New York Times | By Choe Sang-Hun
Officials and analysts in South Korea cast doubt Wednesday on the North’s claim that it had detonated a hydrogen bomb for the first time, saying seismological data from the impact was more in keeping with that of an atomic device.
The North Korean announcement was immediately condemned by Britain, China, France, Japan, the United States, the European Union and NATO, among others, even as experts cautioned that the North might have exaggerated its claims, as it did with its three previous nuclear tests, in 2006, 2009 and 2013.
For one thing, they said, the estimated yield, or energy, from the explosion appeared to be too small to be that of a hydrogen bomb. The North might instead have tested a so-called boosted-fission bomb – which involves placing a tiny amount of tritium, a radioactive form of hydrogen, at the core of an atomic bomb, but is more destructive than a traditional nuclear weapon.
Lee Cheol-woo, a member of the intelligence committee of the South Korean National Assembly, said his country’s National Intelligence Service had estimated the explosive yield that was equivalent to 6 kilotons of TNT. (By comparison, the atomic bomb dropped on Hiroshima in 1945 exploded with 15 kilotons of energy.)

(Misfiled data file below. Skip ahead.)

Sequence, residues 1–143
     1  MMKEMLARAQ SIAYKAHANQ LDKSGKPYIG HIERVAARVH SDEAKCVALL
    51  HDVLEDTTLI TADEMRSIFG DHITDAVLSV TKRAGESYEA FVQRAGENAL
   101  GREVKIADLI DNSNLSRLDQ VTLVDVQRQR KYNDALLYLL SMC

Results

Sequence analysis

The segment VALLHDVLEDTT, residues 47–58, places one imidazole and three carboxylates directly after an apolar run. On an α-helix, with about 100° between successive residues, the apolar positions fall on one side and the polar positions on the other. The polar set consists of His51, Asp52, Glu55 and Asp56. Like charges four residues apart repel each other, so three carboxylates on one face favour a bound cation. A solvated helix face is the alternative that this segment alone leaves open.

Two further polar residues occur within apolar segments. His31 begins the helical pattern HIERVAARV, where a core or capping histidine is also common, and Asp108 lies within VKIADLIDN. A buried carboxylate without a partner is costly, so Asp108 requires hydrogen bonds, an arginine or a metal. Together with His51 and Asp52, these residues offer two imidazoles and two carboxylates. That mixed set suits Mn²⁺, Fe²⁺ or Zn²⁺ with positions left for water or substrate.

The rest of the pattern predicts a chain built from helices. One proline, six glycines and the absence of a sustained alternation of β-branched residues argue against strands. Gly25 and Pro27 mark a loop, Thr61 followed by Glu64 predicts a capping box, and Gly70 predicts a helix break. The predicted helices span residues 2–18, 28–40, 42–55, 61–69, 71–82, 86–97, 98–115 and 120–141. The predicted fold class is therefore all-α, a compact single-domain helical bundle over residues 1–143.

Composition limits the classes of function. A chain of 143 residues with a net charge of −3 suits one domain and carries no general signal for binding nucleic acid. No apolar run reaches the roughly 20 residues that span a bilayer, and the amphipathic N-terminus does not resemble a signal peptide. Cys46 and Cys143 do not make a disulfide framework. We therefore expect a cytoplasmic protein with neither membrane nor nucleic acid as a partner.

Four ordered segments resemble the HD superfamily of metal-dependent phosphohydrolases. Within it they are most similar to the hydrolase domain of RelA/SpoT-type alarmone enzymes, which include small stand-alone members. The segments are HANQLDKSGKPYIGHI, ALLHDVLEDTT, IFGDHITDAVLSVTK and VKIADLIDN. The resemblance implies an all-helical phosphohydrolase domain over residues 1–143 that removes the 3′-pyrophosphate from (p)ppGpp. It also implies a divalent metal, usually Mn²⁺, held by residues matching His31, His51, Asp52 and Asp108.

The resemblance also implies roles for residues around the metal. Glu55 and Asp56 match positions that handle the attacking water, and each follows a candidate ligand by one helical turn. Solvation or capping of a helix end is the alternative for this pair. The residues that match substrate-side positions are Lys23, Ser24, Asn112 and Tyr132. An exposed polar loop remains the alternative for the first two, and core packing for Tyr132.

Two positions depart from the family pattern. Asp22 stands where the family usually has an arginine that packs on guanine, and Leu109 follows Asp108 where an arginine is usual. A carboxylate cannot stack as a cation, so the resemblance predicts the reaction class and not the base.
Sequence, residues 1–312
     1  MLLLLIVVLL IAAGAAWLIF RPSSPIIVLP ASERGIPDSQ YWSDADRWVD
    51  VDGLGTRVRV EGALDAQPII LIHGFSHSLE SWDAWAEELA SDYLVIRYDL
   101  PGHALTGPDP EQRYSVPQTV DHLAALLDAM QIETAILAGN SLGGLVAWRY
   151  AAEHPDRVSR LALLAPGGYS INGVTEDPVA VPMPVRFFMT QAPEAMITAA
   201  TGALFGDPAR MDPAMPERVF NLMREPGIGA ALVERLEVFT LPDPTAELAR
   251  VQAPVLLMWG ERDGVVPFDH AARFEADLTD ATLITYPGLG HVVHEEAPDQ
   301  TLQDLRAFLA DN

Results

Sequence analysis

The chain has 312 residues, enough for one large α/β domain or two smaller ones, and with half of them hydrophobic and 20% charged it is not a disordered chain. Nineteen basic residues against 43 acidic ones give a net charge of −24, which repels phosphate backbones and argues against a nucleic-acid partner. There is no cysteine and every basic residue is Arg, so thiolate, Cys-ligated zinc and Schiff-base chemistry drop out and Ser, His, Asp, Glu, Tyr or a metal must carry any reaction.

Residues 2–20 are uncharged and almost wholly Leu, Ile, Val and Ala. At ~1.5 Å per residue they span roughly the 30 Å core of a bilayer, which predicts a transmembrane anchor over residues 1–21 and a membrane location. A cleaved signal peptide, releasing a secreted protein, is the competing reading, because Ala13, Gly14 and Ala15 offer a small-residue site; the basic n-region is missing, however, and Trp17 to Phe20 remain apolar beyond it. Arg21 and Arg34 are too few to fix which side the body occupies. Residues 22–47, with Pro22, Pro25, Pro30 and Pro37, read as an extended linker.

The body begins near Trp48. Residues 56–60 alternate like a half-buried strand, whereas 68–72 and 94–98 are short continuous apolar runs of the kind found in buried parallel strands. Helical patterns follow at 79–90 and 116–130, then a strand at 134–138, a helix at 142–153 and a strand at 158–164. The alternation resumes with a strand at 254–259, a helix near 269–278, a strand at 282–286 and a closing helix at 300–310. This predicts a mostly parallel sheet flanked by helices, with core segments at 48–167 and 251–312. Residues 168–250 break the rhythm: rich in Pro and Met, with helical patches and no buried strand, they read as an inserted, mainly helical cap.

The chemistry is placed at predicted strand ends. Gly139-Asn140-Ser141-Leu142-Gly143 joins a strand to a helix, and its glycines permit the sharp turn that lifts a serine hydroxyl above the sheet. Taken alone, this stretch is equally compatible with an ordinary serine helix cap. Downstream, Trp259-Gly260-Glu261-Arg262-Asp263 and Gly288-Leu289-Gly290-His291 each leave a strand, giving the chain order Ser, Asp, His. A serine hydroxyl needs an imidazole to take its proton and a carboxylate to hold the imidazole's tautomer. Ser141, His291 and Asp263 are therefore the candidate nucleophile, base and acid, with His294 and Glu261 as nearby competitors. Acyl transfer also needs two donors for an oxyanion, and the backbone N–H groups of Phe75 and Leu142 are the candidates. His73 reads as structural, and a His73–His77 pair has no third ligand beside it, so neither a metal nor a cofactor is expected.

A hydrogen bomb would have yielded “hundred of kilotons or, even if it is a failed test, tens of kilotons,” Lee told reporters. The North’s last nuclear test, in February 2013, set off a magnitude 4.9 tremor.
The South estimated that the bomb detonated Wednesday had resulted in a magnitude 4.8 seismic event, smaller than the 4.9 to 5.2 range that American, European and Chinese authorities had reported.
Hwang In-mu, a vice defense minister of South Korea, told reporters that the North’s claim was “a bit of a stretch.”
Park Ji-young, a senior analyst at the Asan Institute for Policy Studies in Seoul, said, “I suspect the bomb they tested was a boosted-fission weapon.”
He added that the nuclear test site was not suitable for such a gigantic explosion as that of a hydrogen bomb. “Countries like the United States and Russia did their H-bomb tests in very remote places like uninhibited islands,” he said.
Victor Cha, a Georgetown University scholar of North Korea and a former adviser to the National Security Council, said the North’s test needed to be taken very seriously, even in the absence of proof that it was a hydrogen bomb. “We won’t know for a while, if ever,” he said. “From a national security perspective, I don’t have the luxury of downplaying the North Koreans’ claims, and would doubt the doubters.”
In Seoul, President Park Geun-hye convened an urgent meeting of her top national security aides. As South Korea’s military increased its vigilance along the heavily militarized border with the North, its diplomats rushed to discuss with allies what Park called “strong sanctions” against Pyongyang. She said that a boosted-fission bomb would also mean that North Korea was pursuing technologies for a hydrogen bomb.